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Holzmann, Bettina; Werner, Melanie; Unterer, Stefan; Dörfelt, René (2023): Utility of diagnostic tests in vomiting dogs presented to an internal medicine emergency service. Frontiers in Veterinary Science, 10. ISSN 2297-1769

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Introduction: Vomiting is a common sign in dogs presenting to emergency services. It can be self-limiting, a sign of a life-threatening extraintestinal, or intestinal disorder. Reasonable diagnostics should be performed to determine the underlying cause. This study aimed to assess the utility of diagnostic tests in vomiting dogs, and its correlation with patient history, and physical examination results. Additionally, parameters to differentiate uncomplicated vomiting from complicated vomiting were investigated.

Methods: In this prospective, observational, clinical study, data from 99 client-owned dogs with vomiting, presenting as first opinion cases, were evaluated. History, physical examination, duration of clinical signs, overall number of episodes of vomiting, appetite, and additional clinical signs were recorded. The standardized diagnostic evaluation of all patients included venous blood gas analysis, complete blood count, serum biochemistry profile, canine pancreatic lipase, abdominal radiographs, ultrasound, and urinalysis. Follow-up was performed 4–5 days later. Based on severity of disease and clinical course, dogs were categorized to “uncomplicated vomiting” (UN), or “complicated vomiting” (COM). The utility of each test for diagnosing the cause of vomiting was evaluated. Spearman correlation coefficient, Chi-squared-, unpaired t-, and Mann–Whitney U-test were used. Statistical significance was defined as p ≤ 0.05.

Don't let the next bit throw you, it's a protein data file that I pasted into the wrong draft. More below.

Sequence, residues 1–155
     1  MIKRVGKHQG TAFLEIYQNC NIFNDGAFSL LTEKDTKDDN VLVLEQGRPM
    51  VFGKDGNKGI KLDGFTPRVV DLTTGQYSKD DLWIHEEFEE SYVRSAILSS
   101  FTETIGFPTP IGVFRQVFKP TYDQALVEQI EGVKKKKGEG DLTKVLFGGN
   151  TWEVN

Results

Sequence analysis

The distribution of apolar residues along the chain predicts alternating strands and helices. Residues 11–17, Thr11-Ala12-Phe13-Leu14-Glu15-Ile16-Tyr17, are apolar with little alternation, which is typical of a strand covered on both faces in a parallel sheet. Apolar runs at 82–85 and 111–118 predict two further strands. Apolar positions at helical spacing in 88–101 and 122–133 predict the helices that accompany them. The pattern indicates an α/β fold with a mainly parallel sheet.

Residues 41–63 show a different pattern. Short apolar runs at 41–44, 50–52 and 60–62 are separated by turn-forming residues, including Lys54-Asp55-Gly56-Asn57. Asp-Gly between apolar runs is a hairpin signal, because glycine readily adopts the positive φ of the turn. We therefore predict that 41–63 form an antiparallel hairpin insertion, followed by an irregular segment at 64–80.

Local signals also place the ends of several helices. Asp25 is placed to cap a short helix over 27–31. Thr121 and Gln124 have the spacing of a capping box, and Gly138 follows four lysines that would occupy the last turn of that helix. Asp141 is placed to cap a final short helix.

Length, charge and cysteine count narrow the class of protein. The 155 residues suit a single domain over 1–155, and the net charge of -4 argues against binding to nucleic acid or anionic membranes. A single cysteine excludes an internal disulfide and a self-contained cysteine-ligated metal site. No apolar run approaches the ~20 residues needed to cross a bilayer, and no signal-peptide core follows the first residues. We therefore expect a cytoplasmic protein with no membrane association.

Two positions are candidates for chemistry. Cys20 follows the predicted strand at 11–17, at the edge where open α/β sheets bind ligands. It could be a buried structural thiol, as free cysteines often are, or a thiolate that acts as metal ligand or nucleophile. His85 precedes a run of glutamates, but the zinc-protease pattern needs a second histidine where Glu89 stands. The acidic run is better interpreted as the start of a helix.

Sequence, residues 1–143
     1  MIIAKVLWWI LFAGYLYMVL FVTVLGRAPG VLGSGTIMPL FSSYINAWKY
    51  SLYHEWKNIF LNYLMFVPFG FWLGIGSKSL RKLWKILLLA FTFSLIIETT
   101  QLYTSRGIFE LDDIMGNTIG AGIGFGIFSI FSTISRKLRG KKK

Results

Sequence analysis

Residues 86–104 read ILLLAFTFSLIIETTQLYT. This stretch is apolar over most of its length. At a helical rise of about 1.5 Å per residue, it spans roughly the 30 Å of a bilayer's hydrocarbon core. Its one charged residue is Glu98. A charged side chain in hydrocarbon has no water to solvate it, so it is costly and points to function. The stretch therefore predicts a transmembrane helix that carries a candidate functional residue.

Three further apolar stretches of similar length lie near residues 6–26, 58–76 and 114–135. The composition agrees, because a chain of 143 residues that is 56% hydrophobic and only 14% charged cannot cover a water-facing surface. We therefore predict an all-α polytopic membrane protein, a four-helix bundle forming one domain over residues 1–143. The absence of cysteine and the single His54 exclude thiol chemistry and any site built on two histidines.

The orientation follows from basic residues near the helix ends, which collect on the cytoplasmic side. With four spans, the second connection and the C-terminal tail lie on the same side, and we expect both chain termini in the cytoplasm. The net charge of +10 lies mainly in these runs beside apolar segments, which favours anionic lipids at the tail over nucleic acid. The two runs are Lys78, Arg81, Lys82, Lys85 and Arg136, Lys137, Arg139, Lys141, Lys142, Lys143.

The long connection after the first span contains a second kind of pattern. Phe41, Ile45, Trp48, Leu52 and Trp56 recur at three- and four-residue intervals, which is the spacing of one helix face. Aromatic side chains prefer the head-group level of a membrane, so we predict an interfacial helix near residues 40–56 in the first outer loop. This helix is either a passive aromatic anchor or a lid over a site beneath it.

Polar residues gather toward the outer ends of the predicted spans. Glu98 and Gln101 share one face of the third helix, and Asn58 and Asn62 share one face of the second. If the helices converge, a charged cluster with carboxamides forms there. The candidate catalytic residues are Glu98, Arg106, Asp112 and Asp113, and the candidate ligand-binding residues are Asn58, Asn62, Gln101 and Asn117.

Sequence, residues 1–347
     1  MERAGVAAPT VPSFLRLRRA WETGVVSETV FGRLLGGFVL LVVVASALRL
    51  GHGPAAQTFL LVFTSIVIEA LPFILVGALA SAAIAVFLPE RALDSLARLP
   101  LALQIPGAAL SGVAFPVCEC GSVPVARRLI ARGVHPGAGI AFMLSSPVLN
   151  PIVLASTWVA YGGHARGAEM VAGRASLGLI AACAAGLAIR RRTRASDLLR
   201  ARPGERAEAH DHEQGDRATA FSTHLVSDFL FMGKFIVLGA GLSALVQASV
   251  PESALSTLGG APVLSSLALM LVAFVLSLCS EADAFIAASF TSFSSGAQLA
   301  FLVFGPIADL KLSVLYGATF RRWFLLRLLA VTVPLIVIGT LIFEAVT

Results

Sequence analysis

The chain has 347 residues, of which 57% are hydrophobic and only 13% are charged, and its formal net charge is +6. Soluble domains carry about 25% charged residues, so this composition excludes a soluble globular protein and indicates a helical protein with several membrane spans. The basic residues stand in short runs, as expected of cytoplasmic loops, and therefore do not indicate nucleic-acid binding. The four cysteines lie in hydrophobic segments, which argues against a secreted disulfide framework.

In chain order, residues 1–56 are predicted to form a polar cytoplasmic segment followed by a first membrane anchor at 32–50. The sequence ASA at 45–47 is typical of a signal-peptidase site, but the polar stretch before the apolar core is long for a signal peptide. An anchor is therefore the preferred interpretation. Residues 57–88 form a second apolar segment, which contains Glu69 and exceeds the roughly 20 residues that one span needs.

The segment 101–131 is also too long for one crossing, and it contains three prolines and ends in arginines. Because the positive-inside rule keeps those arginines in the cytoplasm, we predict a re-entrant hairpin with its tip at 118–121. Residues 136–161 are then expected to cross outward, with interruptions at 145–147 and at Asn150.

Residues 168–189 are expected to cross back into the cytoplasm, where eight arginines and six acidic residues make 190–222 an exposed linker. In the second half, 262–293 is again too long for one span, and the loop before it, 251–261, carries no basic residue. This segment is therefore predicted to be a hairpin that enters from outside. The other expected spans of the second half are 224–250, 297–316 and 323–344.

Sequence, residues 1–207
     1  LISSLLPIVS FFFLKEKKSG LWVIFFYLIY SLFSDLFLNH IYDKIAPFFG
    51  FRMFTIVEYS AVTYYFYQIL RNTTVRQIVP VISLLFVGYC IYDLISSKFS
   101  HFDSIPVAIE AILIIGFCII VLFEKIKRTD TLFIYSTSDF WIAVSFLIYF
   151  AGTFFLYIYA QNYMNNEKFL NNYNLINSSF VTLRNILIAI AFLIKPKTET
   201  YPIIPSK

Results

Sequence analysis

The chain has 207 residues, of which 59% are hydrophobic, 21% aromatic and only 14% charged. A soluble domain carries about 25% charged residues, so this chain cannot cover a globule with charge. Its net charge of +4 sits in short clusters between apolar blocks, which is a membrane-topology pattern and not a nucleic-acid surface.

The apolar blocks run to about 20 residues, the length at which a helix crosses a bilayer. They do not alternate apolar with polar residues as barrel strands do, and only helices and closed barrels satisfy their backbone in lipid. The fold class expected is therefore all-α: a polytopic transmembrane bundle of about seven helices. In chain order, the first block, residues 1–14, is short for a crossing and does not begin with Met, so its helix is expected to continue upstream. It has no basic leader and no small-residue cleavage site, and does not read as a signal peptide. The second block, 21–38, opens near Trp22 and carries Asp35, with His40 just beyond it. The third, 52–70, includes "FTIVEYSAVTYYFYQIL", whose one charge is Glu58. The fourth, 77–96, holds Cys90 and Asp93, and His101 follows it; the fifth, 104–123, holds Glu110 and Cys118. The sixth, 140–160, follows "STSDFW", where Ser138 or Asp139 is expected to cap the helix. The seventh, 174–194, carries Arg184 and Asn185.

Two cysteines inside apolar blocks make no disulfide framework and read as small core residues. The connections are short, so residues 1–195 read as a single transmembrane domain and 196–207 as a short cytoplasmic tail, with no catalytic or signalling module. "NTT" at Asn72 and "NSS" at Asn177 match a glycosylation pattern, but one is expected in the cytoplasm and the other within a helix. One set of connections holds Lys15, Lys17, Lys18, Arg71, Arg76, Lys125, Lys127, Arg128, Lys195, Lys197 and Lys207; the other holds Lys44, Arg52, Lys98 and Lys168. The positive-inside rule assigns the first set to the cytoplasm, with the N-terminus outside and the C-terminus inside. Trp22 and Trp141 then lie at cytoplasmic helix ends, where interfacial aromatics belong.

Results: Out of the 99 dogs, 34 had uncomplicated courses of disease (UN). In 60/99 cases, a diagnosis was obtained, and in 39/99 cases, the cause for vomiting remained unknown. Longer duration of clinical signs, and reduced appetite were associated with higher utility of abdominal ultrasound. A poor mentation was associated with a higher utility of blood examinations and abdominal radiographs. Dogs presenting with an impaired mentation or with additional clinical signs other than diarrhea, were more likely to be in the COM group.

Discussion: Based on this investigation, general recommendations concerning the diagnostic approach for patients with vomiting could not be provided. For dogs who have exclusively vomiting as a clinical sign, and present in good mentation, further investigations might not be beneficial, and these dogs may recover with symptomatic treatment alone. Additional diagnostics could be indicated in dogs with additional clinical signs other than diarrhea.

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